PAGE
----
We wandered around the edge for a while, trying to pluck up courage, whilst Dad called us chickens. Saying ‘you two!’ in a fake- shocked voice and, ‘I can’t believe it’. Although I have to add, he hadn’t got off his deckchair since first plonking himself down! In the end, I bravely threw myself in the deep end, and emerged, gasping, struggling to swim properly because I couldn’t bear the freezing, freezing water on my face! Kiran followed me in. That shut Dad up! His promise was not fulfilled - he didn’t get in. So we said ‘so tell us who the coward is?’ and ‘how many lengths did you do again?’ We were not impressed.

The training we did that night wasn’t really Karate, although we did some similar blocks. Sensei Roy had some friends who were bodyguards, one of whom was keep you balance the bodyguard for a Prince in the royal family. They showed the class some simple, but efficient ways of stopping someone getting past you. We also practised in pairs, defending yourself against an attack, and how to respond. We were shown some of the types of weapons they might carry. There were lots of objects, pencil shaped, which could be pressed into a pressure point, if someone was doing an arm lock on you. We were showed where some of these were, and though Dad didn’t want me and Kiran trying it out, we watched as other groups practised. It looked painful. It was a very interesting lesson, but some techniques were a bit gruesome.

Another late night out for dinner. This time we ate in Valetta, the Capital of Malta. When we were in the minibus, Rose said something like ‘Sensei Dario you’re great, thank you’, which was followed by “Chrissie! I love you Chrissie! Marry me Chrissie” and then “Sensei Roy!”

“What?” he responded sharply

“I don’t like you!”

“Shut up.”

Once the large party was settled in the restaurant, we began to choose meals. Rose was having octopus for dinner, and sensei Roy admitted he’d lost his appetite for octopus since he’d seen one being killed. Still, when she got it, Rose made him try a bit… the immediate response was “I don’t like it!” Rose, wanting to take advantage of Sensei Roy’s weakness decided to play a little trick…

OH MY GOD, IT MOVED!” yelled Rose pointing at her plate. In a flash Sensei spun round “WHAT MOVED!?!” and then he realised. Everyone found it very funny, apart from Sensei Roy who didn’t look pleased at all. Understandable.

It was a long, challenging day filled with excitement. But I was very happy to climb into bed.


Day 3:

We had a lovely breakfast, of which we were going to need every bite. Three hours of training awaited.  It was going to be tough.

First, another full on warm up from Sensei Dario. Second a detailed, hard Kumite. And last we went over Kanku-Dai, the 65 moved brown belt kata. Everyone was exhausted by the end. Who wouldn’t be?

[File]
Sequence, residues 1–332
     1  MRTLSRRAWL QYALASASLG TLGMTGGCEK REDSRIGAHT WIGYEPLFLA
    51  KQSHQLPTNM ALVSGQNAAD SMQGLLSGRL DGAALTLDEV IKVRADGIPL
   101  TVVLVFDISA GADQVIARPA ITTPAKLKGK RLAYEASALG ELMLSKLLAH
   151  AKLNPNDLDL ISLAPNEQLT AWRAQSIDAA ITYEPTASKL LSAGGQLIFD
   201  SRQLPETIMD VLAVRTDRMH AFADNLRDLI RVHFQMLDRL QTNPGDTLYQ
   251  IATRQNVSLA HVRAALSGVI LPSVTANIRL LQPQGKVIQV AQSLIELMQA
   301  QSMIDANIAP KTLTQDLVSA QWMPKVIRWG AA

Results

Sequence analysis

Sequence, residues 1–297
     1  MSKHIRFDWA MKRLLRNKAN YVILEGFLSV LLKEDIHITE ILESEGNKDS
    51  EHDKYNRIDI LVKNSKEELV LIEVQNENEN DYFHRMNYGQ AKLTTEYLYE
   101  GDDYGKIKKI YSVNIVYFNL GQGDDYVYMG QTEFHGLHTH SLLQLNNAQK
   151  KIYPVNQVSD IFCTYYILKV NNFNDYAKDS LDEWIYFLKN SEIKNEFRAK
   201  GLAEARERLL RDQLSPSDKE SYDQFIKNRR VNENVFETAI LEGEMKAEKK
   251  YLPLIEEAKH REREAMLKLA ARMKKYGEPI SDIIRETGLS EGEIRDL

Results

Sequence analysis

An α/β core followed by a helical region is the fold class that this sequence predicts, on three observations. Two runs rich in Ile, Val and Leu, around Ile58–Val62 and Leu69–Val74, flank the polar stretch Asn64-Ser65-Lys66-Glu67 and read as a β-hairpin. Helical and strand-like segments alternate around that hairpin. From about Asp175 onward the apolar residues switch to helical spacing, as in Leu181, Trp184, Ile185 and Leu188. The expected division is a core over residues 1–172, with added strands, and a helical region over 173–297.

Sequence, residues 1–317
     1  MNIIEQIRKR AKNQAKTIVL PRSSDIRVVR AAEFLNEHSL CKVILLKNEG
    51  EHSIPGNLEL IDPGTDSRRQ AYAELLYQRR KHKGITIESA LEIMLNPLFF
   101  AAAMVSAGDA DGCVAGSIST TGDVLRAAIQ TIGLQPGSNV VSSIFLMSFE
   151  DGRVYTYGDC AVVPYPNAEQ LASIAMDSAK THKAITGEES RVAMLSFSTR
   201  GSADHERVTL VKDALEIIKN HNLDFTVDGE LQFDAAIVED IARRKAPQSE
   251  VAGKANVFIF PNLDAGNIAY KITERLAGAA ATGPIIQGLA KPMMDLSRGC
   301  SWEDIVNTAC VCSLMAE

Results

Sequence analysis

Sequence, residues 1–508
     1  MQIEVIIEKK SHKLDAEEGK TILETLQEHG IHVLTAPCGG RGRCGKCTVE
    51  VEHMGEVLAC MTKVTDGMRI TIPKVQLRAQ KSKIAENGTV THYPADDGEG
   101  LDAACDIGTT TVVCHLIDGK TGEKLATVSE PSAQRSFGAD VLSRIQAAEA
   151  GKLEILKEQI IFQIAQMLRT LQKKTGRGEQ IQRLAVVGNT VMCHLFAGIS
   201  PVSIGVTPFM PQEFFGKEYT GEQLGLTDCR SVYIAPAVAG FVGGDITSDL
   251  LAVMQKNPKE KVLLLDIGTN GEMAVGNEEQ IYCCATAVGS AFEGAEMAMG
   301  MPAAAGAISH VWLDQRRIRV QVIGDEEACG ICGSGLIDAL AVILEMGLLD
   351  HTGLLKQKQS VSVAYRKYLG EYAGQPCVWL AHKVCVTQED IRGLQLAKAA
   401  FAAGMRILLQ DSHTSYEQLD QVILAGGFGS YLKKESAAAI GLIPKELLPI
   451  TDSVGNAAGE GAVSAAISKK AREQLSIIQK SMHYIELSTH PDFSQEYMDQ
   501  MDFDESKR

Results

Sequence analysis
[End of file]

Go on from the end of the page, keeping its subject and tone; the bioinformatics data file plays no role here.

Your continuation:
I humiliated myself at lunch by spilling my orange juice twice. As if once wasn’t embarrassing enough! Rose told me I had to include that detail. Hurmph. Well, it seemed fair, because she had a fair amount of publicity in the report.

It was the same restaurant we went to last time, when we’d gone night swimming. There were a lot of us eating there; everyone who come on the trip from our club and lots of people from the Maltese club.

After we’d eaten, Rose and Lianne went on either side of Sensei Roy, dangling their hair next to his head and then took photos. It actually looked like he was wearing some ridiculous wig! It was hilarious. Rose said the photo was priceless. If I’m correct, it was on the front of a Christmas card to Sensei, from the club.

Afterwards, we walked back along the harbour, staring at the ridiculously expensive, high class yachts, guessing how much they’d be. When we got back to the hotel, we went to the little ice-cream parlour. Everyone chose a few scoops, then sat in the lobby enjoying it. There were loads of different flavours to choose from. It was really delicious.

Me, Kiran, and Dad got a snack for tea, then spent the rest of the night in our room. Some of the others went to for a drink. I was later informed that when Sensei Sandra spilled her drink, she was called ‘Jala’. ‘At least’, I thought, ‘I’m not the only one’.  


Day 4:

We got up quite early to catch our plane. Everyone tried to soak up as much as the sun as possible before coming back to England. We said ‘Goodbye’ and a BIG ‘thank you’ to Sensei Dario. We also said goodbye to sunny, warm Malta. When we were walking back through Gatwick, Sensei Roy saw more of his friends! We stepped outside into the chilly air. ‘Hello cold, grey England, we’re back!’

It had been another amazing trip. Challenging and tiring, yes, but also extremely fun. I would recommend it to anyone interested. You should go on the next trip, because it is a really great experience and everyone who went really enjoyed themselves! Just be prepared for some hard work…